Nova Safo 

It’s the it’s that frustration every time you go buy something, and it’s more expensive than it was two years ago. And you think, ah, the economy’s in trouble, even if it wasn’t exactly, exactly agreed. Alright, lead us on. Let’s do it. Next clip.

Sophia Saouma

So sometimes I work from home and because I’m actually neighbors with some of my other Sifties, well, yeah, Kelly and Jane. But this is one where sometimes we’ll actually stop by at local cafes, or because of internet connectivity issues. We’ll even hit up some of the local bars. This is one way they know to make us the virgin drinks.

Nova Safo 

Wow. So talk about changing work culture, right? This, this was a very interesting conversation I had last week in San Francisco at the headquarters of a company called Sift. That’s why they call themselves Sifties. And it’s kind of an online fraud detection company. And anyway, I went into their 30,000 square foot offices in downtown San Francisco. And there were maybe two dozen people in it. It’s designed for 200. Yeah. And they’re only open on Wednesday. So I went on the one Wednesday when they were actually open. So this is you know, they get it. They signed a lease in end of 2019. They realized that the workers even if they need to get together for work, they don’t even have to they don’t need the office to do it. They’re going to the bars, coffee shops. So will this company in the seven year, you know it’s a seven year lease, so it expires what 2026? Will it keep the entire 30,000 square feet of office space?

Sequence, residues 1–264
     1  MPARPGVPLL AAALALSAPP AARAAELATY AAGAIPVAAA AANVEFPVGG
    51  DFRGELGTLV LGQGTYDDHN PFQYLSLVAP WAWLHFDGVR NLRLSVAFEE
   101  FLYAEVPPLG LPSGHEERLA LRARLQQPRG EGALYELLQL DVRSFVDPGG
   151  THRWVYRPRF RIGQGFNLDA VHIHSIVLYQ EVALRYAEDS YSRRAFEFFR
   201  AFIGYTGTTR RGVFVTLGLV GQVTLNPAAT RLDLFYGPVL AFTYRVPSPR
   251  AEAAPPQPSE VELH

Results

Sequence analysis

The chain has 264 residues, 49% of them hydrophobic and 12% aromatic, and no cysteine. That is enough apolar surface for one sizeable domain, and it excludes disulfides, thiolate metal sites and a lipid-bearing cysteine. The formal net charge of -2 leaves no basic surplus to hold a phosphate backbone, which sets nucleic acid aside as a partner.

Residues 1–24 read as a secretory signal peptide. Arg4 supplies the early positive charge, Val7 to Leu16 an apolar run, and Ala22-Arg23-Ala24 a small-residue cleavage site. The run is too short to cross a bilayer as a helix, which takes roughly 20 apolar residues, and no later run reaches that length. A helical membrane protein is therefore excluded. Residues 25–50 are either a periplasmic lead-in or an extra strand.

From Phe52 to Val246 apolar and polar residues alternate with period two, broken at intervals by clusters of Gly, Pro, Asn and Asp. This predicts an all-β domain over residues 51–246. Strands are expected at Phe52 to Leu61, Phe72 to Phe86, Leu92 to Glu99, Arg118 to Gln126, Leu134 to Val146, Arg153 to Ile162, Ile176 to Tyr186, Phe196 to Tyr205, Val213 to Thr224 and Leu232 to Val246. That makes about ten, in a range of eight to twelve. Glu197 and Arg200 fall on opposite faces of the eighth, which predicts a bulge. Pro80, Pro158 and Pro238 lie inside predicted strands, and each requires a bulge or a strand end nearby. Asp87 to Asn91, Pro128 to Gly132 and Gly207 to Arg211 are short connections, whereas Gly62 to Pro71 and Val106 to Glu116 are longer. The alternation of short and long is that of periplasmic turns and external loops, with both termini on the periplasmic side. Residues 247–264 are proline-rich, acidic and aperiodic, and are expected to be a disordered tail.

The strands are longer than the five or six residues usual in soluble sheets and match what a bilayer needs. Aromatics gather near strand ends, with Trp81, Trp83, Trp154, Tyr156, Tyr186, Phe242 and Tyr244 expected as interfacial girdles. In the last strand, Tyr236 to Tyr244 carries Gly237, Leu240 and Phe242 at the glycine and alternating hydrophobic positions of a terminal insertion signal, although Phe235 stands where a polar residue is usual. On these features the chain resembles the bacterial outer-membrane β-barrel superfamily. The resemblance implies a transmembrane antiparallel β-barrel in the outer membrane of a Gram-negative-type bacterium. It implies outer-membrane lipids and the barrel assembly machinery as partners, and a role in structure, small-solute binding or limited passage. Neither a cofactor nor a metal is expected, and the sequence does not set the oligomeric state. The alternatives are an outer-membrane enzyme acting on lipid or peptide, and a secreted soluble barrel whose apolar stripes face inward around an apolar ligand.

Kai Ryssdal 

Well, so look you you’re you’re at Marketplace world headquarters right now. I’m at my shed at home but you’re downtown right now we’ve got 20,000 square feet of office space, give or take maybe 25. And as I’ve said on the radio many a time and if anybody at our corporate overlords is listening, this is really a question that I think you want to answer to those of us who work at Marketplace world headquarters. How long is it going to be sustainable for us to have on an average day, four people in there so the last few days when you’ve been there? No but there’s been 8, 10, maybe 12 right? It’s been particularly bustling much room and it’s and it’s got to be costing this company so much money and I just don’t get it. I don’t get it and I don’t understand how it’s sustainable.

Nova Safo